If you’re listening to this the day it comes out, tomorrow will be Festivus! It’s actually a totally made up holiday, even moreso than all the others, because it originated from an episode of Seinfeld, but it’s my favorite holiday! It’s a secular celebration that is a playful alternative to the commercialization of Christmas. A Festivus for the Rest of Us is the perfect holiday for the chronically ill and/or depressed. It entails an unadorned aluminum pole as an alternative to a tree, and rituals such as the Airing of Grievances and Feats of Strength.

The holiday season is full of feats of strength, especially for those of us that live with chronic health conditions: dealing with stressful family situations, strained finances, travel logistics, enforced merriment, shortened days and shitty weather…with chronic illness, these things are all 10x harder, so don’t feel bad if you’re not feeling so merry and bright this season. It’s no wonder that many people experience depression at this time of year; whether it’s an exacerbation of year-round clinical depression, or seasonal, it can really make the holidays difficult. And so, I thought it would be most appropriate to make this week’s episode a festive holiday one about depression!

I talked to Dior Vargas, Latina feminist mental health activist, about her experiences with depression, suicide rates, and her People of Color with Mental Illness photo project. We talk about getting help, media representation, and how she got invited to the White House.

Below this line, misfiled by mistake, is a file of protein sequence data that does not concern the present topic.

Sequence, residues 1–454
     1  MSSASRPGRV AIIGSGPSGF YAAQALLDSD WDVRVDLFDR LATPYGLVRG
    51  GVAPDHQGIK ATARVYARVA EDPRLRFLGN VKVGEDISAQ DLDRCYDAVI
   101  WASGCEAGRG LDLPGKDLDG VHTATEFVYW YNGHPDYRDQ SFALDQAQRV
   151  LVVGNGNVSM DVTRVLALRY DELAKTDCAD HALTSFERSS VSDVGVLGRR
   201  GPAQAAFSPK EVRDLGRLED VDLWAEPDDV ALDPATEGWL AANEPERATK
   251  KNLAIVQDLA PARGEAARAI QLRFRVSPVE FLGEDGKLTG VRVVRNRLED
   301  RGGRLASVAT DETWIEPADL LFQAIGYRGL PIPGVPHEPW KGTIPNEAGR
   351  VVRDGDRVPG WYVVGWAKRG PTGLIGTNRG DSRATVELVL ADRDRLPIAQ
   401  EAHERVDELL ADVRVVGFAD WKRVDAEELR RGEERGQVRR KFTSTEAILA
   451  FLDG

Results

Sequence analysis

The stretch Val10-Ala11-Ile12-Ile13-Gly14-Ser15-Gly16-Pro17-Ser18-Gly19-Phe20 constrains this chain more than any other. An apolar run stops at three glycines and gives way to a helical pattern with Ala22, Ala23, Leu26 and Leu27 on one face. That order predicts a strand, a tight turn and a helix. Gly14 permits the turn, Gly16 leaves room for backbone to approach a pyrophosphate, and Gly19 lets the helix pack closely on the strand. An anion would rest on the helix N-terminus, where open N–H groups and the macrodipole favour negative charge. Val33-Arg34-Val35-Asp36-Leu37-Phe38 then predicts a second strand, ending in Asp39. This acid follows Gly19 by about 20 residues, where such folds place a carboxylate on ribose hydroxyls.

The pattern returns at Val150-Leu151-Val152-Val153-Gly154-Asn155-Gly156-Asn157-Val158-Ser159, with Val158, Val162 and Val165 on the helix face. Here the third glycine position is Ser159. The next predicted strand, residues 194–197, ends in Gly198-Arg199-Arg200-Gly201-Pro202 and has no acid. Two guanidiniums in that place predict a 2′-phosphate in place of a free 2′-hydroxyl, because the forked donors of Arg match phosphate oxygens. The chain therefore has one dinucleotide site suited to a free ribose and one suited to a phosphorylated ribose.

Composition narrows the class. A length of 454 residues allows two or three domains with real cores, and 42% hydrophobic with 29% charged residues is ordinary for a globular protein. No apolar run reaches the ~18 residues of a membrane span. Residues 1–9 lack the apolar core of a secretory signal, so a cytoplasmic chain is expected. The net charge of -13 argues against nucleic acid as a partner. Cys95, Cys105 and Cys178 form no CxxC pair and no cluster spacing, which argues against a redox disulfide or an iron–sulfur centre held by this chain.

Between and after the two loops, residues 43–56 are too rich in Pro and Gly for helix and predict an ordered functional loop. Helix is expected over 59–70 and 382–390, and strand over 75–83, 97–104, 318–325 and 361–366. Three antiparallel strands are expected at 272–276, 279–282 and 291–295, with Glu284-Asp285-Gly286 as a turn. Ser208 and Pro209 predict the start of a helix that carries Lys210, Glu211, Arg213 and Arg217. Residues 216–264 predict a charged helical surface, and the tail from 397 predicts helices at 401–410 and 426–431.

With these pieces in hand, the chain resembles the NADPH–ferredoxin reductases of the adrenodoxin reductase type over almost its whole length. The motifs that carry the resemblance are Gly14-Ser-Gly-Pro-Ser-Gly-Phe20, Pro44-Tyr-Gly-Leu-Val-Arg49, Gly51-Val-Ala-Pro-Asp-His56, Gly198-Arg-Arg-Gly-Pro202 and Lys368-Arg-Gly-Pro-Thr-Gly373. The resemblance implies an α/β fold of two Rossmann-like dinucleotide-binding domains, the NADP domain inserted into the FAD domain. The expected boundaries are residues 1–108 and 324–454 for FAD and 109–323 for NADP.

We’ll be talking about some touchy issues like taking medication, suicide, and racism. If these topics are at triggering for you, you’re currently in crisis or know someone who is, please contact the National Suicide Prevention Lifeline at 1-800-273-8255, or find other more specific mental health resources linked to in the show notes. I’ve also included other resources about the different types of depressive disorders, different types of antidepressants, different types of therapy, and how to go about finding a therapist that’s right for you. There are also some links to the work of Jennifer Michael Hecht, who has experienced suicidal ideation herself, lost friends to suicide, and since written extensively on the topic. Her recent episode of On Being is one of my favorites, and in it she reads her poem, “No Hemlock Rock,” which ends: